Media conservation is responsible for the audio, 35mm slide, performance, software, video, and film-based artworks in MoMA’s collection, caring for them in collaboration with colleagues across the Museum’s departments including Audio Visual, Curatorial, Information Technology, and Registrar. The first conservation position at MoMA was created in 1959 for a paintings conservator, and since then the Conservation Department has evolved to include specialists in sculpture, paper, photography, conservation science, and most recently media, in 2007.
By their nature, media-based works rely on technology for creation and exhibition. Today we are all too aware of its rapid changes that make these works inherently fragile or at least unstable, and their long-term preservation problematic. The core role of media conservation is to help manage these changes over time while respecting the artist’s intent. Although no artwork is ever the same and an artist’s opinion can differ from one work to another, conservators working with these complex objects have over the last two decades devised broad strategies to tackle the challenges of these works.
Today, when a newly acquired media-based work arrives at the Museum, most commonly what we receive in the “box” is some type of media carrier (external hard drive, tape, optical disc), a certificate, and a set of installation instructions. In the case of Ten Thousand Waves (2010) by Isaac Julien, an epic nine-channel video work, we simply received two 8-terabyte hard drives at acquisition. In short we receive the essence of the work.
As conservators it is our job to take these raw ingredients and ensure that not only are they fresh and in good condition, but also, to extend the metaphor, that they perform as expected when thrown into the pot at exhibition time.
Broadly speaking there are three main strands to our approach. Starting with the tangible media element we gather as much contextual information as possible, such as how it was created, recorded, produced, or programmed. Then we carefully watch and listen to the entire duration of each media element. Once these have been assessed and documented, like any collection work, appropriate storage conditions are required.
Second, we review the installation guidelines, which outline how the media and the artist’s intent should be translated and realized through display equipment in the gallery space.
The display equipment is no less important than the media, and for some works the equipment also functions as sculpture, as in Berlin Startup Case Mod: Rocket Internet (2014) by Simon Denny. Here the artist incorporates a 40” LED flat screen monitor, specifically the UE40F6500 model manufactured by Samsung.
Older and contemporary works often employ “vintage” technology such as Sorry (2005–12) by Luther Price consisting of 80 handmade transparencies displayed with a 35mm slide projector.
There are also works where the technology is not noticeable to the casual viewer, but the artist may for example have specified that the video be projected with a cathode ray tube projector, an obsolete piece of equipment which can only be supported as long as supplies last. This is the case for Deadpan (1997) by Steve McQueen. Understanding the fundamentals of technology, its historical context, how it works, troubleshooting, maintenance, and storage of the equipment—all these challenges sit alongside the preservation of the actual media.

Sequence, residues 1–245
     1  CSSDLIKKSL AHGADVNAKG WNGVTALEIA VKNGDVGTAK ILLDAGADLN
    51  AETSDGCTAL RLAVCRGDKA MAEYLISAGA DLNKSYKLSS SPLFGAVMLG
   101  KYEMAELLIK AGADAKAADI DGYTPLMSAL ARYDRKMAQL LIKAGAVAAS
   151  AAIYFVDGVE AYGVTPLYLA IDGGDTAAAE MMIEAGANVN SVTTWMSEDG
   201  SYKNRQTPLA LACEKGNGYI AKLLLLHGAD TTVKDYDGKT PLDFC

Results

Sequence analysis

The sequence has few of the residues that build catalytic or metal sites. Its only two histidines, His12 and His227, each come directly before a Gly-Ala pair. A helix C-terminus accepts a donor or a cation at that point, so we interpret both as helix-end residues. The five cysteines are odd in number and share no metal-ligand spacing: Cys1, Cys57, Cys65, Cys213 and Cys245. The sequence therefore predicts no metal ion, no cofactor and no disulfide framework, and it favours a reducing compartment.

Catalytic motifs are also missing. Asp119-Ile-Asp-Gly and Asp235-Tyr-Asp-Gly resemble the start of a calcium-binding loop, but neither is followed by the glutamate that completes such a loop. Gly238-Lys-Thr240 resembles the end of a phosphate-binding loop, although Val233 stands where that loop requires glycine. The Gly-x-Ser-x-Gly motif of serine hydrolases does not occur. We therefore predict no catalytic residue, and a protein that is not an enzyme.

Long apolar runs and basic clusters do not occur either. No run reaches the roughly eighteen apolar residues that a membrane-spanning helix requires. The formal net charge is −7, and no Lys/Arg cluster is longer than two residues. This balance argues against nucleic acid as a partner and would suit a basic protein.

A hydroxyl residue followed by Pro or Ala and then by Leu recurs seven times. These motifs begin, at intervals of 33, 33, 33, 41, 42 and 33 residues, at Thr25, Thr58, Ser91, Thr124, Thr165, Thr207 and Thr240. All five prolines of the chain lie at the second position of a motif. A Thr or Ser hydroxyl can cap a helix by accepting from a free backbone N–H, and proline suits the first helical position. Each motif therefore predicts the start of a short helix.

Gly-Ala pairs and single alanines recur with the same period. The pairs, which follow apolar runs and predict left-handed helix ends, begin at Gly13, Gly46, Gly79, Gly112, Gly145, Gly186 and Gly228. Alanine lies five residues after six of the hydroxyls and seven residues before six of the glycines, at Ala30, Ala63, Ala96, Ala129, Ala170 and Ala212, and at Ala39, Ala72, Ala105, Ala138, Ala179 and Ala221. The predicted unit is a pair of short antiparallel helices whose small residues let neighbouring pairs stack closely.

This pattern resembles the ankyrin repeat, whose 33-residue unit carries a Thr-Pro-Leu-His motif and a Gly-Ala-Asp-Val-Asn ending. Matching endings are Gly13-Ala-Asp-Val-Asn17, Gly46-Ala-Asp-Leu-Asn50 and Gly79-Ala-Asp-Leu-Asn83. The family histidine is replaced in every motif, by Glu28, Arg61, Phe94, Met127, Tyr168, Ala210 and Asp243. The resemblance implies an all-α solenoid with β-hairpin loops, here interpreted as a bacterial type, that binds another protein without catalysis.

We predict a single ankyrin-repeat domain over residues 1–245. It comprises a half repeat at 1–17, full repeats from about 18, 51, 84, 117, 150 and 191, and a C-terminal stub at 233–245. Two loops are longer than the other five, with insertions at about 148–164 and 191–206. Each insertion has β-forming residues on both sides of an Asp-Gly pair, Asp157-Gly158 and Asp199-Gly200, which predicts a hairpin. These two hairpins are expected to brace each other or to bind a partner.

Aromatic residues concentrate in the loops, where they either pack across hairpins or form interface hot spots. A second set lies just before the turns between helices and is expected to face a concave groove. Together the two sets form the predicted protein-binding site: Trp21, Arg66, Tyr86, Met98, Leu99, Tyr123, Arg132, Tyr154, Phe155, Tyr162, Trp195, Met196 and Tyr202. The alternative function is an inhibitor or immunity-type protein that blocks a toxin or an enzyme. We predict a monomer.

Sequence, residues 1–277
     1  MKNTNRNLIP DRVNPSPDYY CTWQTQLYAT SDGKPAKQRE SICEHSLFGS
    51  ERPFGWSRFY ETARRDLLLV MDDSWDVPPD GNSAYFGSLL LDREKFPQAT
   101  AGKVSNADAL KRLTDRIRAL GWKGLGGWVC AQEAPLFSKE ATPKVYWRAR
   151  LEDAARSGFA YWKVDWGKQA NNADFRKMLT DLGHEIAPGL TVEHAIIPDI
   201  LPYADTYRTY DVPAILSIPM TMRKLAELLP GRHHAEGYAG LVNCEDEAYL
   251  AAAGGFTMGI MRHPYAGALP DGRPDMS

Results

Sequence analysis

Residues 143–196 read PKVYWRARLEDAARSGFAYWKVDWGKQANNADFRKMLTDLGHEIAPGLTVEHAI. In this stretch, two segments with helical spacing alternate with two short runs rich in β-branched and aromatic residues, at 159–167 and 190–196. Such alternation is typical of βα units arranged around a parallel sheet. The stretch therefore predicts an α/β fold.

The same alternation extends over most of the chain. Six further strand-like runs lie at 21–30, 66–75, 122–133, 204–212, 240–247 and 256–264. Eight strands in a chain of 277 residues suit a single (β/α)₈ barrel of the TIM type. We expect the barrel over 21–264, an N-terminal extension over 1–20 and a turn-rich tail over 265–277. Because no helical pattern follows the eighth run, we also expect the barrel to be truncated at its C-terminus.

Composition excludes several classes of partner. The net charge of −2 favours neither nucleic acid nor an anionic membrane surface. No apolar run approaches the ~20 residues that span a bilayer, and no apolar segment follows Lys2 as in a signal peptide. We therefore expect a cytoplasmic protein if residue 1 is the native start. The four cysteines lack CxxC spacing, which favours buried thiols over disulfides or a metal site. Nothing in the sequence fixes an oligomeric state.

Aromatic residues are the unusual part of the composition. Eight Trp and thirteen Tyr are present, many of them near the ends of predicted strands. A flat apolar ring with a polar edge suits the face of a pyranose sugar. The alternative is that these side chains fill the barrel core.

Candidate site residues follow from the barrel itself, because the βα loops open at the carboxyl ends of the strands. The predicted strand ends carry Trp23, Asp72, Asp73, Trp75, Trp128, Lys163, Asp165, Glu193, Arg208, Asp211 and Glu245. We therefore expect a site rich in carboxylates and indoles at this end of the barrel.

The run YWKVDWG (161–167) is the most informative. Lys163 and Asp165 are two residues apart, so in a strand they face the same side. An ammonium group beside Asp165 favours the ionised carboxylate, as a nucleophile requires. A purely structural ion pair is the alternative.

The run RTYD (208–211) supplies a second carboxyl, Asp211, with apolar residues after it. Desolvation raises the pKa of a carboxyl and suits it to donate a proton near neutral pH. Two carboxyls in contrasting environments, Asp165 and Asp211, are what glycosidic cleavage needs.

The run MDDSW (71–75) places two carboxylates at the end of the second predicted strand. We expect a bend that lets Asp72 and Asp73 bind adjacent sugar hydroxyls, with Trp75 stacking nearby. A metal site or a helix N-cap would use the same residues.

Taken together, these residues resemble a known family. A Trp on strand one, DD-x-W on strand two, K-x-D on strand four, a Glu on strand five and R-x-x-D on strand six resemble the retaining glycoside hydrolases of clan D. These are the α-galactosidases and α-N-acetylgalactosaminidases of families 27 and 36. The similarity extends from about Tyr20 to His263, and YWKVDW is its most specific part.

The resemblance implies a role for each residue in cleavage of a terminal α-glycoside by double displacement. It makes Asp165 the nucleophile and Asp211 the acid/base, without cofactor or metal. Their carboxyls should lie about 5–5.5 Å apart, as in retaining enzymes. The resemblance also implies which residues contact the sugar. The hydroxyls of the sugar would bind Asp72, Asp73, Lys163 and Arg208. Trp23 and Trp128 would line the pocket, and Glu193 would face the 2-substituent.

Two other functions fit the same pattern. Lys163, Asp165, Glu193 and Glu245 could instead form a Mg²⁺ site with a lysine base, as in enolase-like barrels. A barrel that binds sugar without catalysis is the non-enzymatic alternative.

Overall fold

Recently I was struck by a comment made by my colleague Lynda Zycherman, a sculpture conservator at MoMA, during a talk she gave about a series of sculptures by Pablo Picasso, one of which is in MoMA’s collection entitled Glass of Absinthe (1914). Art historical research and scientific analysis had helped to unlock clues regarding the sculptures’ original state, materials, and construction. But one question remained: Which bronze-casting foundry had produced them? Lynda exclaimed, “If only the artist was still alive I could just ask him!” Since the majority of media-based works in MoMA’s collection are contemporary, we in Media Conservation are in the fortunate position of being able to do exactly that most of the time, and a significant part of the job involves communicating with artists and their representatives. In this sense, we work in reverse and attempt to anticipate such questions by de-constructing, researching, and documenting as much as we can now in order to save future colleagues from the frustration that Lynda described. This is our third angle. It is of course futile to imagine that every aspect of every work can be fully documented, but records of e-mail correspondence, telephone calls, and conservation-based interviews with the artists themselves play a central role in our efforts to maintain the integrity of their art. Media works are complex and multifaceted and it is the sum of these different strands, together with the voice of the artist, which enable us to maintain their authenticity now and into the future.
Interested to discover more? This is the first of four blog posts looking at the work of Media Conservation, which over the coming weeks will look in detail at some of our activities including the migration of tape-based works to digital video files by Assistant Media Conservator Peter Oleksik, and the design and build of our digital art vault, by Digital Repository Manager Ben Fino-Radin. Stay tuned!
In the meantime, here are some links for additional information on media conservation:
Matters in Media Art
Time-Based Media Conservation at the Solomon R. Guggenheim Museum
Electronic Media Group of the American Institute for Conservation of Historic & Artistic Works